So, this is almost the end of our harrowing little tale. But we gave the benefit of the doubt that the rest of the area wasn’t like this. So, we stopped and talked to the woman who would otherwise be collecting our money for a day pass into the park area and asked if the flies were this bad everywhere. She, quite nonchalantly, replied “Oh, yeah.” We further questioned if this was unusual, or it was just a peak time for the flies. “Oh, no. It’s pretty much like this all summer long. That’s just the way it is up here.”

Our response: “We’ll pass on the day pass.”

So, we turned around, still not having eaten lunch, and headed back home. We did stop at a park inland next to Lake Gogebic and grilled our hot dogs and steaks. There were no flies because the winds were 40 MPH the entire time.

One of those days.

Posted in Anecdotes, Camping, Family, Life, Travel | Tagged: , , , , , , , | 4 Comments »

Observations While Traveling

Posted by The Diatribe Guy on April 12, 2010

Like many people, I need to travel on business occasionally. I try to avoid it, to be honest, because while it used to be cool to go to new places and see some new things, I quickly realized that business travel usually allows me to see the following sights: (1) the inside of an airport, (2) the inside of a plane, (3) the inside of another airport, (4) the inside of another plane, (5) the inside of a cab – at least they have windows, (6) the inside of a hotel room, (7) the inside of an office building, and now reverse everything until I arrive home…

OK, so occasionally I am introduced to a nice restaurant, or we go out at night to check out some local sights (usually when I’m drained enough that I’d actually rather go to the hotel and kick back – but there’s something insude that feels guilty if you don’t do at least something.)

Anyway, I am traveling right now on a short stint to NY City. My headquarters are here and I presented to a few of my peers from around the globe. Professionally, it was a fine experience, finally putting a face to the names. But, like most other such trips, it’s draining and I guess my energies just aren’t in the business travel arena.

That all said, there are many ways one can pass the time. One thing I like to do is just watch the people around me. I did some of that this time around, and I have come to the following conclusions/insights:

1 – A lot of people don’t look happy. Especially those guys who insist on getting to the front of the boarding line a half hour before boarding. Invariably, they are all in first class anyway, so I’ve never really understood the phenomenon. The first two guys just looked unhappy. The third guy had an almost-angry look on his face, like my 7 year old (As of today… Happy Birthday kiddo! Sorry I’m not home for it!) gets when he’s mad abouot something. I’m serious, the lower lip was out and the sides of his mouth in sort of a frown. And, I mean, his face stayed that way the entire time. I don’t think he was actually mad, I just think that was his habitual travel look. I tried to do it for a bit, and my cheeks started to hurt. So I didn’t do it any more.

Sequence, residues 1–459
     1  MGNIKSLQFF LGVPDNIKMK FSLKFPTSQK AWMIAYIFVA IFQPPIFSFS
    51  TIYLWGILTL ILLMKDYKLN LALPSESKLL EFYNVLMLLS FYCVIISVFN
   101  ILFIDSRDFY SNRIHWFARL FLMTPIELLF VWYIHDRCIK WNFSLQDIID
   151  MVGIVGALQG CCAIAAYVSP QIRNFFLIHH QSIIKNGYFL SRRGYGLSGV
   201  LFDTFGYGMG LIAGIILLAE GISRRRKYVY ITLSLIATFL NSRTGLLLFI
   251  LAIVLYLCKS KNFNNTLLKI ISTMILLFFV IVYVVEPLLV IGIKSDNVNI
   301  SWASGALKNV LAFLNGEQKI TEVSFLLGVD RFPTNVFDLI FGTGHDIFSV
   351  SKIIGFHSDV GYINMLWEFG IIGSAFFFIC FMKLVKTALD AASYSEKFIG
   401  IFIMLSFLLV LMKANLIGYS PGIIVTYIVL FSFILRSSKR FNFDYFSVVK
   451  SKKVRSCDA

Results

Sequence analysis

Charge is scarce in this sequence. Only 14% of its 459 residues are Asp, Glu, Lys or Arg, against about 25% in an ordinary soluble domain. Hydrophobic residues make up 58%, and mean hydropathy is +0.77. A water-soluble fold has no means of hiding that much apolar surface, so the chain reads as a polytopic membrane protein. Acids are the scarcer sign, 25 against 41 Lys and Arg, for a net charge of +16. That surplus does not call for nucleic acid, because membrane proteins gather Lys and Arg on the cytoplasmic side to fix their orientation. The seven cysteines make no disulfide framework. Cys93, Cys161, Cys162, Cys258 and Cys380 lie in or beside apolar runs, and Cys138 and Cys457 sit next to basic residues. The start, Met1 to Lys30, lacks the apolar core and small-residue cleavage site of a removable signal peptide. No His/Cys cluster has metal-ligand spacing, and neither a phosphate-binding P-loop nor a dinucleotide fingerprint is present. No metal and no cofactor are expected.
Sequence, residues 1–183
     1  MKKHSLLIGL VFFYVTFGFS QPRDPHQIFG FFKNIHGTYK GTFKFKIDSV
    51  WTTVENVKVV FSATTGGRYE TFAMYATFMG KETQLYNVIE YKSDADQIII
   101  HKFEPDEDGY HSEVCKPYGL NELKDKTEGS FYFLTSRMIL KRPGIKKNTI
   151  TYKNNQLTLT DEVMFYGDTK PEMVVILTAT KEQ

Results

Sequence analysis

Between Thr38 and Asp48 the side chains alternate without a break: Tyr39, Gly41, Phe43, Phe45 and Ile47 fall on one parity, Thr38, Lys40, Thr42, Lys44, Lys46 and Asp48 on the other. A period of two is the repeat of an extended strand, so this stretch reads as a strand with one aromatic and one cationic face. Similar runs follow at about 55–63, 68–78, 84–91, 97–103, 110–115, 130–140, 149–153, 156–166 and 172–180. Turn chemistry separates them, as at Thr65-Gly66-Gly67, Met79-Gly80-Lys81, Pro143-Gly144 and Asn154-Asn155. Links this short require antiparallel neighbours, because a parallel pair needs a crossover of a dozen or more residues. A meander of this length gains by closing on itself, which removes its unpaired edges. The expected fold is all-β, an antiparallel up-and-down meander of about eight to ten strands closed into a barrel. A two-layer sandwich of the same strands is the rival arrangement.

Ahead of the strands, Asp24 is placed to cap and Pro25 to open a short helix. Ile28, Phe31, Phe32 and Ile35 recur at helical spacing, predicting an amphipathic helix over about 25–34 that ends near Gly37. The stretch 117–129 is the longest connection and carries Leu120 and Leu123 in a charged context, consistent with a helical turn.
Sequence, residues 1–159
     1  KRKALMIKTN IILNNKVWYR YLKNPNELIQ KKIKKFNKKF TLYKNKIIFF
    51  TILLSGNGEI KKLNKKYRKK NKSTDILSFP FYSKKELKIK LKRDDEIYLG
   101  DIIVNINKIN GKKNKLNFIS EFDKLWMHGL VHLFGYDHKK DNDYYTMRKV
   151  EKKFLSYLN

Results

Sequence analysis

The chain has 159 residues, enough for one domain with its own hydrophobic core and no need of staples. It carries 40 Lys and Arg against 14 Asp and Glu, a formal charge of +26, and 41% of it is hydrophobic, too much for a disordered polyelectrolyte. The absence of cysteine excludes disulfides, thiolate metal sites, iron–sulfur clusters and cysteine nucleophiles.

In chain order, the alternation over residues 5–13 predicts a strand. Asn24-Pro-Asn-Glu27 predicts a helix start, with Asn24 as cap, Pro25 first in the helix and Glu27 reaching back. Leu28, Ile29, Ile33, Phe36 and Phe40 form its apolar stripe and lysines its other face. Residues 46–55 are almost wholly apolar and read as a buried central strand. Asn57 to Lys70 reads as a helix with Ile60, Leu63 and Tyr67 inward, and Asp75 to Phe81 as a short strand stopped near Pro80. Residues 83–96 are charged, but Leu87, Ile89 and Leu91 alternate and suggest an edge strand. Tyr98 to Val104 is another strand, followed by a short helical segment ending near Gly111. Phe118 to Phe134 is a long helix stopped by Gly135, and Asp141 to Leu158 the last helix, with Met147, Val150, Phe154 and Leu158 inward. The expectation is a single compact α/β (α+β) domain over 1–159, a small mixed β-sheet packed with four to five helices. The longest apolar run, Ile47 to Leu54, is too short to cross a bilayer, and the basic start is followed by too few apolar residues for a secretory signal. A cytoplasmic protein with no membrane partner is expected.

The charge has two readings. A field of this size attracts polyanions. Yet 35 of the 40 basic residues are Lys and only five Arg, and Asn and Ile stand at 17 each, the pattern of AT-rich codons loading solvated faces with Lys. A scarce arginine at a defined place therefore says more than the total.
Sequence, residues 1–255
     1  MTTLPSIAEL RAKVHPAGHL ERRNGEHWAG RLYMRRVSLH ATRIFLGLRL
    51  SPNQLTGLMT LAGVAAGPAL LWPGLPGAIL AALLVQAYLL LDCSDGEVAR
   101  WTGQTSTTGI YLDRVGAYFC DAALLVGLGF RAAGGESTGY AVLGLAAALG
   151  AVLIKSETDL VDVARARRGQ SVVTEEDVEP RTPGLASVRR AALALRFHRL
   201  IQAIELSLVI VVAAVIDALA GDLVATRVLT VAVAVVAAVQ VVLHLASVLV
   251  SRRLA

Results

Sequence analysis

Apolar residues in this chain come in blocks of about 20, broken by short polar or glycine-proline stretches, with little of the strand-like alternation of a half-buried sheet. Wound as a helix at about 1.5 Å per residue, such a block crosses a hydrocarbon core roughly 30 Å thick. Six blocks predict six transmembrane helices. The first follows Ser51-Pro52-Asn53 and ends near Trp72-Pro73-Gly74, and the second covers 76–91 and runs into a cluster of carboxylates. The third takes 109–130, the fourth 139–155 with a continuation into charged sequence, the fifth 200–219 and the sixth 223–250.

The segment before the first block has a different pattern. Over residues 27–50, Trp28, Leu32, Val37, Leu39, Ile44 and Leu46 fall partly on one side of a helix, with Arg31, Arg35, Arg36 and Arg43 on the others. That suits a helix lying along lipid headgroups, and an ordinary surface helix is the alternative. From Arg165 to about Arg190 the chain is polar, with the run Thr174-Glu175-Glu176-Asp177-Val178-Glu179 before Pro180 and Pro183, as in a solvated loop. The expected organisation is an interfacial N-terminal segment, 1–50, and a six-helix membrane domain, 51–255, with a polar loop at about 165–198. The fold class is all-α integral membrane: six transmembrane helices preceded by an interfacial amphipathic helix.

2 – People who are traveling with other people seem to have a better time. I saw many more smiles from those people. Makes sense, I guess.

3 – People are addicted to their blackberries and phones. That’s not a surprise to anyone, but it’s almost comical. At one point in the local airport, I think there was a moment when everyone was either checking a blackberry or on a cell phone (except me, who was purposely resisting the urge.) I decided to watch a couple people who I noticed kept taking their balckberries in and out of their pockets. It struck me as just something to do, and they even knew they didn’t ahve a new message to check. One guy would take it out, look at it, put it back in his pocket, sit there, and repeat. I timed it once, he did it 3 times in 4 minutes.

4 – I admittedly eavesdropped on some cell phone conversations. While I am sure some were necessary, here’s an overview of how almost all of them went: “Hey, how you doing? Yeah, I’m on the plane. Nope, we’re just waiting to take off. It was OK. Oh, probably about 3 hours. Yeah. OK, well I’ll talk to you later.” Hey, I’m guilty too. It’s boring traveling alone, music and books aside.

5 – East Coast Chicken Fried Rice has cabbage in it. Either that, or the place played a cruel joke on me because they could tell I was from out of town.

Anyway, not trying to make fun, and not making judgments. Just observations.

The main reason I’m no fan of traveling ahs nothing to do with fear of flying. That’s about the only part of it I really don’t mind. Busy airports, waiting, crammed airplanes, luggage. It just all sucks. This time around I went down to cramming everything I need into a backpack. That’s better, and it’s still a pain. People who do this for a living are simply insane, in my humble opinion.

Shout out to the wife and kids. Love you guys. The presentation went well. But, you’ll know that soon, because I’m about to call you on my cell…

Posted in Life, Travel, Work | Tagged: , , | Leave a Comment »

Unlucky People or Earthquake Causing Supr Powers?

Posted by The Diatribe Guy on March 6, 2010

SAN BERNARDO, Chile – The Desarmes family left their native Haiti two weeks after the devastating Jan. 12 earthquake, joining the eldest son in Chile for what seemed a refuge from the fear and chaos of Port-au-Prince.

Their sense of security lasted barely a month. It was shattered at 3:43 a.m. Saturday when one of the most powerful quakes on record shook a swath of Chile.